Background: Doripenem is a broad-spectrum carbapenem currently in development for treatment of bacterial infections. Previously, we presented a population pharmacokinetic (PK) model for doripenem in healthy subjects (ICAAC 2003, A-11). A refined PK model was developed to describe doripenem data in patients and assess the impact of subject characteristics on PK variability.
Methods: A population PK model was developed using data from Phase 1 subjects (n = 44) and Phase 2 patients (n = 107). Doripenem (250 – 1000 mg) was infused over 30 or 60 min as a single dose or either BID/TID for 7 days. Serial blood samples were collected on Days 1 and 7. Two- and three-compartment models with zero-order input and first-order elimination were evaluated. Subject demographics were evaluated as predictors of PK variability using stepwise forward selection and backward elimination.
Results: Doripenem data were similar for subjects and patients and were best described using a two-compartment model. Interindividual variability of clearance (CL), distribution clearance (Q), and the central (Vc) and peripheral (Vp) volumes were described using an exponential error model and were estimated to be 30, 61, 35, & 100 %CV, respectively. A log error model best described the residual variability. The model estimated CL to increase 11% for Days 2-7 relative to Day 1. Significant relationships were identified between CL and creatinine clearance, Vc and age, Q and weight, and Vp with both age and gender. Predicted mean Cmax and AUC0-∞ for a 500-mg dose infused over 1 hr were 20.2 μg/mL and 44.1 mg·hr/L, respectively. AUC0-∞ was ~1.5-fold and 2-fold higher for individuals with mild and moderate renal impairment, respectively, compared to young adults with normal renal function.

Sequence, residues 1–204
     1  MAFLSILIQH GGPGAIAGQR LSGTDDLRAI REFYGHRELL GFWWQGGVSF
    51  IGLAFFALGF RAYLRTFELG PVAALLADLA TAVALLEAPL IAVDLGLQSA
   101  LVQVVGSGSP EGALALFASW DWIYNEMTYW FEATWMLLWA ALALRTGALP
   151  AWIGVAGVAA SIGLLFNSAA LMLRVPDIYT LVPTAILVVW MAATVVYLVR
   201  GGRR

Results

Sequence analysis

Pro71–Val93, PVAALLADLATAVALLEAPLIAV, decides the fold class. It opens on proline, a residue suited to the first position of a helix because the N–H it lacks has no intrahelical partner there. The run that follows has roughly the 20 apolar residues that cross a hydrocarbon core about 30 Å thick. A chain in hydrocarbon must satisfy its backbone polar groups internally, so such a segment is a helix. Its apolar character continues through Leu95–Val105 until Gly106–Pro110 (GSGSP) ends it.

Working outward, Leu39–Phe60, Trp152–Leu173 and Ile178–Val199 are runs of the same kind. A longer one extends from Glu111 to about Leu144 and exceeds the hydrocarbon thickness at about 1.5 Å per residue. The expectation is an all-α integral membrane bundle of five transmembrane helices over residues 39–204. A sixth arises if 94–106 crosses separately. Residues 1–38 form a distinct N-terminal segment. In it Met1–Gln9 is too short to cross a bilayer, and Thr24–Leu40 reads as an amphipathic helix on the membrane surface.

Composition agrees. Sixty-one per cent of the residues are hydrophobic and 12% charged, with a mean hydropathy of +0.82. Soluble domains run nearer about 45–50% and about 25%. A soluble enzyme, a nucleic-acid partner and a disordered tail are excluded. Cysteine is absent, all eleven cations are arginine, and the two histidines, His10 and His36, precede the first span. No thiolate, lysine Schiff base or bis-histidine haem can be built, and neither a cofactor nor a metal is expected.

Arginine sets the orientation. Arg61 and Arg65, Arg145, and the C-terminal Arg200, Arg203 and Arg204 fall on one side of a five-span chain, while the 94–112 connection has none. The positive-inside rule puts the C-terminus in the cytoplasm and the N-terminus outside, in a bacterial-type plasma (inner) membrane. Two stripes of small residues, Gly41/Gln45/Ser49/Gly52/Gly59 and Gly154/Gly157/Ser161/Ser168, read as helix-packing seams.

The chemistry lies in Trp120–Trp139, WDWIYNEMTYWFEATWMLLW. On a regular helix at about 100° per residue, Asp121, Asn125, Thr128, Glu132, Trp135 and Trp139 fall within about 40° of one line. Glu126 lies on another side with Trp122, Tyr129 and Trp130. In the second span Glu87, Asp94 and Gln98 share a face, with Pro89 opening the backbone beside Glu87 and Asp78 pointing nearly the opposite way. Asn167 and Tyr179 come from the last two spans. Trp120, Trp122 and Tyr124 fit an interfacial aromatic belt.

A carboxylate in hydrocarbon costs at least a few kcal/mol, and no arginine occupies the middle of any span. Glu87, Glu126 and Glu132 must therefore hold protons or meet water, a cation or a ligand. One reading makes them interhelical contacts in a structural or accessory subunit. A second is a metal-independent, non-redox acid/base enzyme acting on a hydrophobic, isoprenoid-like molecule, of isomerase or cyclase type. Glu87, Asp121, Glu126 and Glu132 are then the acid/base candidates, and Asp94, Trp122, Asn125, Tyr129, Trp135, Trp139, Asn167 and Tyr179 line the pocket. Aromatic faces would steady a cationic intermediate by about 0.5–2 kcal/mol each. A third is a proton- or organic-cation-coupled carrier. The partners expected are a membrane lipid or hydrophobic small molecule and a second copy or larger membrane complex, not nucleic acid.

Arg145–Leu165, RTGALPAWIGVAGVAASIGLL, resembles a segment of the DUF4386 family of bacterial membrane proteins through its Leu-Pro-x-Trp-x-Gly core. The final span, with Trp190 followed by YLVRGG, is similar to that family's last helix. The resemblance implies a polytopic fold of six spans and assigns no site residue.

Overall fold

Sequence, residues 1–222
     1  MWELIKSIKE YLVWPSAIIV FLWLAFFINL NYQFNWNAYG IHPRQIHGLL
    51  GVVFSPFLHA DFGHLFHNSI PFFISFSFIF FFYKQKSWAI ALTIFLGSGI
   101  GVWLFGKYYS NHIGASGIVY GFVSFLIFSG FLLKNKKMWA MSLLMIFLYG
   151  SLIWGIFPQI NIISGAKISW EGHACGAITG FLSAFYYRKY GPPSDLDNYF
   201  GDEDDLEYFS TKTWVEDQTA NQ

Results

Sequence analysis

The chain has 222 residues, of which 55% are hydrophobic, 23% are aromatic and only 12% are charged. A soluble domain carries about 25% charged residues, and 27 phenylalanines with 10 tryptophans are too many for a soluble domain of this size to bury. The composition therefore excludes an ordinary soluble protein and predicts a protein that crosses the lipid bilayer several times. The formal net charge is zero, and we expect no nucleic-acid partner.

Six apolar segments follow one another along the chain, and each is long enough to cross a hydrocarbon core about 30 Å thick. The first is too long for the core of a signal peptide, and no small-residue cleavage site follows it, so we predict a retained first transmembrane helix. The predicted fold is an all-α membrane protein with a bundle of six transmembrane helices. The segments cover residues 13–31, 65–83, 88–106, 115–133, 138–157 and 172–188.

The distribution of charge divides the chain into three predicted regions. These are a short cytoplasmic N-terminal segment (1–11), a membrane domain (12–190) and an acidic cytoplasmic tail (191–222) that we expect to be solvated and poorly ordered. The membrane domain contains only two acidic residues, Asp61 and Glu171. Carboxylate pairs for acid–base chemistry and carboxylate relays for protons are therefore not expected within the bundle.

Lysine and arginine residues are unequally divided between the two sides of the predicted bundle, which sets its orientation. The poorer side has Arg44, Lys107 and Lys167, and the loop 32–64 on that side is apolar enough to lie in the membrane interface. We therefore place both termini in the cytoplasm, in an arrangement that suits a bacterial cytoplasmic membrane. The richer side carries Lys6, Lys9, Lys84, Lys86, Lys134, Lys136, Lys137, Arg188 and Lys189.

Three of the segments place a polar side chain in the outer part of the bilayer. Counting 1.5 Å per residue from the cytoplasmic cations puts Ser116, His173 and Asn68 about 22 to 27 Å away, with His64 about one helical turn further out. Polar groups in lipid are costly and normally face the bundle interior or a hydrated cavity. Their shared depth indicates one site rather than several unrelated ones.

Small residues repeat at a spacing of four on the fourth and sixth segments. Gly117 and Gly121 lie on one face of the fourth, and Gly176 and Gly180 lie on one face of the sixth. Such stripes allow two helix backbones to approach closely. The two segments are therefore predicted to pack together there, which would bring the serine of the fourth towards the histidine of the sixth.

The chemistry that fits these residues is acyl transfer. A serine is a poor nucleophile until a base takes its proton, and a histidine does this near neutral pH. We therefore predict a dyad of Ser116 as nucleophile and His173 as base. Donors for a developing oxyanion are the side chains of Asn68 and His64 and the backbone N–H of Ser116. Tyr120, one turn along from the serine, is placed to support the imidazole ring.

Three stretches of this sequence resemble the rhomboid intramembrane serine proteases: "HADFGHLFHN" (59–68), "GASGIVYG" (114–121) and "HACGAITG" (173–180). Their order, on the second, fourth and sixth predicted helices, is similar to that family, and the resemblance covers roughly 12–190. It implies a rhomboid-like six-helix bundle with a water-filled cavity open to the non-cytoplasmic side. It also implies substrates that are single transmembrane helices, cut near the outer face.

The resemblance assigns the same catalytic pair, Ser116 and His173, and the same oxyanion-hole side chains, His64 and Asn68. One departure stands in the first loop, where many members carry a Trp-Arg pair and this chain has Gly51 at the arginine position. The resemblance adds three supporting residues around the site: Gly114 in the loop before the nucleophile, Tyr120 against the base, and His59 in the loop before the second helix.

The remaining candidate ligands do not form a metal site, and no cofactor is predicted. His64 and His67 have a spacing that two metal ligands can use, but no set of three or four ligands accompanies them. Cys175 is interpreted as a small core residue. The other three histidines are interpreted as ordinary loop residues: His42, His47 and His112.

Conclusions: A population PK model was developed for doripenem and the impact of subject covariates was evaluated. Identification of measurable factors that significantly influence PK variability provides a predictive tool for estimating doripenem exposures and can be used for exposure response evaluations of safety and efficacy to support Phase 3 dose selection.
Interscience Conference on Antimicrobial Agents and Chemotherapy (ICAAC), Washington, DC, October 2004
By Scott Van Wart, Sujata M. Bhavnani, Luann Phillips, Matthew A. Wikler, and Paul G. Ambrose